With the release of Fast and Furious 7 this past weekend, and considering the ridiculous vehicle stunts seen therein, (no spoilers necessary – just go watch the trailer) we’ve started thinking about vehicle stunts from famous movies of the past and wondering how plausible they are. One of my favorite stunt scenes is from Live Free or Die Hard (2007), when traffic is re-directed from both ends of a tunnel in an attempt to ruin John McClane and Matt Farrell’s days. The scene culminates in McClane somehow driving his car up an improvised ramp (it’s actually a tollbooth but hey – everyone gets that one wrong at some point) and jumping it into a helicopter while throwing himself free at the last second.
We’ll ignore any discussion over whether or not this helicopter stunt would have been possible. (Although Reel Physics does address this one in their video) I’m more interested in the circumstances surrounding the tunnel and whether or not everything inside would have been able to actually happen. We invite you to watch this high quality cell-phone recorded version and get up to speed on the scene. Let’s break it down:
- McClane and Farrell (henceforth M&F) enter the tunnel to escape a helicopter that is following them
- The tunnels are opened from both directions
- The lights are turned off
- A car swerves to avoid a crash, and in doing so gets t-boned by an oncoming car, sending it flying directly at M&F – which they subsequently avoid in a lucky turn of events.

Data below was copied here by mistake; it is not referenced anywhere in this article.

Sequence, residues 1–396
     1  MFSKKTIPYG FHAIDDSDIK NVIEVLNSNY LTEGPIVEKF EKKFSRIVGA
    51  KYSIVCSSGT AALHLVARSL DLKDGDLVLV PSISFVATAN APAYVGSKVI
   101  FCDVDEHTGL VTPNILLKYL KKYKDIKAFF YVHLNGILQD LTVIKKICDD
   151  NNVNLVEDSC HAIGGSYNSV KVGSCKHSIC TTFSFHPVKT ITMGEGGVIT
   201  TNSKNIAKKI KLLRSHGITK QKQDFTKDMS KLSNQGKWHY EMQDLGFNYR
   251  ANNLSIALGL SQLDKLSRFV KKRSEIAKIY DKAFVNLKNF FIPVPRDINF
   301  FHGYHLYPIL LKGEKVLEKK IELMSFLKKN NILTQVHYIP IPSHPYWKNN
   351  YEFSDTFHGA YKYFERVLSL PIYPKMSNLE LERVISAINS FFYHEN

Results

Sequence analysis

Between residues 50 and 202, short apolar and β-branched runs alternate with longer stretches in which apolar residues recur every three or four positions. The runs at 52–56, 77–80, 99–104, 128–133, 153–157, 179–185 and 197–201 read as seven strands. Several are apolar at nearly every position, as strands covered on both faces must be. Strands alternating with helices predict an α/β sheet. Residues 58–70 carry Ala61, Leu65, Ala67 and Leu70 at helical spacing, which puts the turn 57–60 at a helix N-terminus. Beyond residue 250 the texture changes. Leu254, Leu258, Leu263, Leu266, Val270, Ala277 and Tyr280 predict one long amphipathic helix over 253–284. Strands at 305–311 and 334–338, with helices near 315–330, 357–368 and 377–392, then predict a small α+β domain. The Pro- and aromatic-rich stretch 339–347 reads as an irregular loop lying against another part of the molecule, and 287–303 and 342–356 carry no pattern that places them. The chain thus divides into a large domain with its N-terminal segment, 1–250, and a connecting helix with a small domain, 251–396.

- The aforementioned flying car hits a truck, which causes it to accelerate (?) and drive right towards M&F, because life is just hard that way. (Spoiler: They also avoid this one.)
We’ll go over these events one by one.
Entering a Tunnel to Escape the Helicopter
Right off the bat we’re going to have to start suspending our disbelief. Fortunately for you, you just watched a decelerating car drive through a metal structure and still have enough momentum to carry it 30 feet into the air to smash a helicopter, so you seem to have that covered. For now we’ll just pretend that a gridlocked city would still have enough space for a car to outmaneuver a helicopter and not get shot to pieces. In a convenient turn of events, the open space on the roads suddenly becomes filled with cars ready to follow into the tunnel after McClane.
Tunnels are opened from both directions
This is where things get fun. It’s easy to brush this off as “Hollywood Garbage,” but it turns out it’s actually pretty easy to hack traffic lights. We don’t know the extent to which all traffic signals are networked, but if it a team at the university of Michigan could hack 100 networked lights, we’re prepared to believe that tunnel signals are part of that same vulnerable network. A recent push for new “Smart” traffic lights would also mean that city infrastructure will become even more connected and have even more potential risks of cyber attacks from angry megalomaniacs.
All in all, we shouldn’t necessarily assume that there wouldn’t be a fail-safe in place to prevent both sides of a tunnel being opened at the same time.
Lights are turned off
Hopefully you’re the sort of smart person who turns on your lights when you’re going through tunnels. If you’re not, hopefully then at least you’re the type of person who turns his lights on when you’re driving and you can’t see anything outside of your car. If you are not, I recommend you exchange your car for a comfortable pair of shoes. Or you could just be like a normal, functioning member of society and not continue racing into a tunnel when you can’t see anything. Up to you.